Mount Spurr is a volcano in the Aleutian Volcanic Arc of Alaska. The current volcano sits on top of the remains of an old volcano that was destroyed in a giant debris avalanche about 10,000 years ago. Spurr has erupted twice in historic times: in 1953 and again in 1992. Both eruptions lead to falls of volcanic ash in the city of Anchorage, Alaska 130 km (81 miles) to the east. As with other Alaskan volcanoes, the proximity of Spurr to major trans-Pacific aviation routes means that an eruption of this volcano can significantly disrupt air travel. Volcanic ash can melt inside jet engines, causing them to fail.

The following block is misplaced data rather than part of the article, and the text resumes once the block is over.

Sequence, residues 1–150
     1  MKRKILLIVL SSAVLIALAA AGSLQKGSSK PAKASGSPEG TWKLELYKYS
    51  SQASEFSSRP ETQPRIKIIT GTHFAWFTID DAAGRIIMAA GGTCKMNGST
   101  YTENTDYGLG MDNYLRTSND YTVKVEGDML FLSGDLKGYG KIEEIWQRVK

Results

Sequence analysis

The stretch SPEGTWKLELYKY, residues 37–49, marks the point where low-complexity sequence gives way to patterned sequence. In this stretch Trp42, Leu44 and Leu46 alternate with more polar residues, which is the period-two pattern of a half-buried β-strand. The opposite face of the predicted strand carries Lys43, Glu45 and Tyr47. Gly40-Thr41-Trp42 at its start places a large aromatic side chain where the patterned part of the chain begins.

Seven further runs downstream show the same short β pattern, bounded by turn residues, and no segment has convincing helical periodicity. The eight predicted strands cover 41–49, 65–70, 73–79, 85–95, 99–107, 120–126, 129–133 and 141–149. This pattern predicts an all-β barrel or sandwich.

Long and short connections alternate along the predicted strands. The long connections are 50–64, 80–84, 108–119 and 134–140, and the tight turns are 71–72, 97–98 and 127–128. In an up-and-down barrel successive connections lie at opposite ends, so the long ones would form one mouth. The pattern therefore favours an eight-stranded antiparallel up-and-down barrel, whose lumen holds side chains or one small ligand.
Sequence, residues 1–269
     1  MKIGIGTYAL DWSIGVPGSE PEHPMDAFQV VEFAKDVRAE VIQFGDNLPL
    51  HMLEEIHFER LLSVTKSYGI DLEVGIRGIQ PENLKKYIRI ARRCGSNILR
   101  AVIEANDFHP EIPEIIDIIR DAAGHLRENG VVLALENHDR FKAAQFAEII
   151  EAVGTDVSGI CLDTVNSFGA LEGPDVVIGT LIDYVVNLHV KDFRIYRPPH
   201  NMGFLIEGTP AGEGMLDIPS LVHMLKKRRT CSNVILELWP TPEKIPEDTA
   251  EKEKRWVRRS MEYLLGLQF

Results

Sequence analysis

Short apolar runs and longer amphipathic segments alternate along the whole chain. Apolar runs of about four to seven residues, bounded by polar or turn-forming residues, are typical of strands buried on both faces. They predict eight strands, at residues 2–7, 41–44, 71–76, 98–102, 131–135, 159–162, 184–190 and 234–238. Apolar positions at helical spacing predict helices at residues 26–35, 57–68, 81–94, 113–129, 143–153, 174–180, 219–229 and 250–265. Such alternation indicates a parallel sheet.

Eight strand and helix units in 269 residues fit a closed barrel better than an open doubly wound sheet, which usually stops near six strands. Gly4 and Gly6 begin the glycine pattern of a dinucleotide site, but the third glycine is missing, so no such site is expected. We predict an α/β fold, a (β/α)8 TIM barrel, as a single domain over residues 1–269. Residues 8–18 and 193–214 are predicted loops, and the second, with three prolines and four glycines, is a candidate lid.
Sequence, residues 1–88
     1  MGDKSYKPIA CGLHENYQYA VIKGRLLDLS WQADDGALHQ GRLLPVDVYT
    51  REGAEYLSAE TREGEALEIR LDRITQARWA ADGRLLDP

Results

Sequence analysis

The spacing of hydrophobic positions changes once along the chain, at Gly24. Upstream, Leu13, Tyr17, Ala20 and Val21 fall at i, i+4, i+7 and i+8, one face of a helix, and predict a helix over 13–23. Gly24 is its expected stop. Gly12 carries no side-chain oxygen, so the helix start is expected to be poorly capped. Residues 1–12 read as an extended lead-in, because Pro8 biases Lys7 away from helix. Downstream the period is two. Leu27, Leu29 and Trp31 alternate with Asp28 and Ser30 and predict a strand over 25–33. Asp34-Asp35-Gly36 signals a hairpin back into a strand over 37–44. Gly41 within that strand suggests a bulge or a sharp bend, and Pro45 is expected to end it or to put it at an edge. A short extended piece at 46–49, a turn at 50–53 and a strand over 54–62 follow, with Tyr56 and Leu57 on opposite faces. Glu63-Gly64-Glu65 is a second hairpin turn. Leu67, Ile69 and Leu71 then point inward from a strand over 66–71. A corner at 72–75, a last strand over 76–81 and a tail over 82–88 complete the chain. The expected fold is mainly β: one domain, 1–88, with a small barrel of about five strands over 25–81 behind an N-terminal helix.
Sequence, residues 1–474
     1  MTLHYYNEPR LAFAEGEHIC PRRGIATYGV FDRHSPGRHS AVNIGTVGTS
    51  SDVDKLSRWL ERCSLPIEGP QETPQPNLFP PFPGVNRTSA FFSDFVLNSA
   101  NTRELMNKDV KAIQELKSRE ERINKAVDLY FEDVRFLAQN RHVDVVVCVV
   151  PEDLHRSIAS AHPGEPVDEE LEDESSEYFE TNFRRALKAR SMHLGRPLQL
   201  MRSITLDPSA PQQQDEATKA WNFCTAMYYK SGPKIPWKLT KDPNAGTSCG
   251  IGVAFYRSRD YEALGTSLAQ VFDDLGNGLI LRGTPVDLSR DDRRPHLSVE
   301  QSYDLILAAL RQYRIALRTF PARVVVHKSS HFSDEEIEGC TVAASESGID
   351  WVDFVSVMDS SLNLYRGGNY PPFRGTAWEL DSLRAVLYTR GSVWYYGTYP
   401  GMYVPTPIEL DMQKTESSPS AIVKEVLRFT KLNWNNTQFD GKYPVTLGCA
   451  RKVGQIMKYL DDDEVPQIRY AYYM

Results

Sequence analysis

On July 26, 2004, the Alaska Volcano Observatory  http://www.avo.alaska.edu/(AVO) raised the "Color Concern Code" at Spurr from green to yellow due to an increasing number of earthquakes. Earthquakes beneath a volcano may indicate the movement of magma preceding a volcanic eruption, but the earthquakes might also die out without an eruption. In the first week of August 2004, the AVO reported the presence of a collapse pit, filled with water forming a new lake, in the ice and snow cover on the summit. This pit may have been cause by an increase in heat flow through the summit lava dome.
No eruption is likely.
- Volcano World article about Spurr http://volcano.und.nodak.edu/vwdocs/volc_images/north_america/alaska/spurr.html
- Eruptions Possible at Two Alaska Volcanoes Jan. 31, 2005 http://news.yahoo.com/news?tmpl=story&u=/nm/20050131/sc_nm/environment_alaska_vo
Last updated: 05-02-2005 05:43:07
Last updated: 05-03-2005 17:50:55